The truth is dry cleaning is not entirely dry. Dry cleaners do apply liquids to silk dresses, it’s just that the stuff contains no water and furthermore dries quite rapidly. It doesn’t cause clothes to shrink or colors to run.
Routine dry cleaning is done in large, closed machines using a volatile chemical called perchloroethylene (C2C14), dubbed “perk” in the trade. Perk is a compound consisting mostly of chlorine, with a lesser part of carbon.
As clothes are agitated in a machine, perk, along with a detergent, passes through the machine at a rate of two thousand gallons an hour. About every minute there’s a new batch of perk running through the clothes, dissolving stains and leaving dirt stranded in a filter. After this process most clothes are ready to be pressed and bagged.
The meticulous dry cleaner may, however, spy a stain that withstood the perk and need to apply the finer skills of his trade.
The first step, a crucial one, is to analyze and identify the stain. Many are unknown; a large proportion, called “sweet stains,” contain sugar, salt or starch and come from spilled food. The spotter then selects from four standard methods of stain removal and goes to work at his spotting board. He may dissolve the stain with the appropriate solvent, such as volatile-type paint remover, hydrocarbons, or petroleum distillates.
Legend has it that the dry-cleaning industry originated with a Frenchman in the nineteenth century who accidentally doused his clothes with benzene and subsequently found grease stains easy to get out. If the stain is water soluble, the spotter can just blast it with his steam gun and blow it dry.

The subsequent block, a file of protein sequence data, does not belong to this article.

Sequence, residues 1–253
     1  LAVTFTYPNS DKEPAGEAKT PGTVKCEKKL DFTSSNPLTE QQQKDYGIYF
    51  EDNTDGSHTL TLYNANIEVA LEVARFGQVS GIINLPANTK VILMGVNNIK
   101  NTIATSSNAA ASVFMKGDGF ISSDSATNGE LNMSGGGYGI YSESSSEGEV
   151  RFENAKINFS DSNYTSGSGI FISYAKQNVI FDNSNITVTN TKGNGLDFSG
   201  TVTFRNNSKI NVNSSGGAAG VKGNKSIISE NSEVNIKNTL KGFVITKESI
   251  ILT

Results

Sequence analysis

Another approach is to apply a lubricant with a stiff brush or spatula and try to raise the stain to the surface of the fabric, where it can be removed more easily. If that tactic fails, the spotter may resort to chemical action: he applies an oxidizing bleach that removes the color from the stain and so camouflages it; or he converts the stain using acids or alkalis into a soluble substance that can be treated with solvents.
The very last method is to digest the stain with enzymes, just as your gastrointestinal enzymes break down insoluble protein, albumin, and starches. The enzymes, which are from bacteria and yeast, convert insoluble substances into soluble ones that can be cleaned away quite easily.
The spotter, then, has an array of methods and chemicals at his fingertips, so you needn’t despair when salad dressing drips down your tie. Just remember what you spilled, and half the battle is won.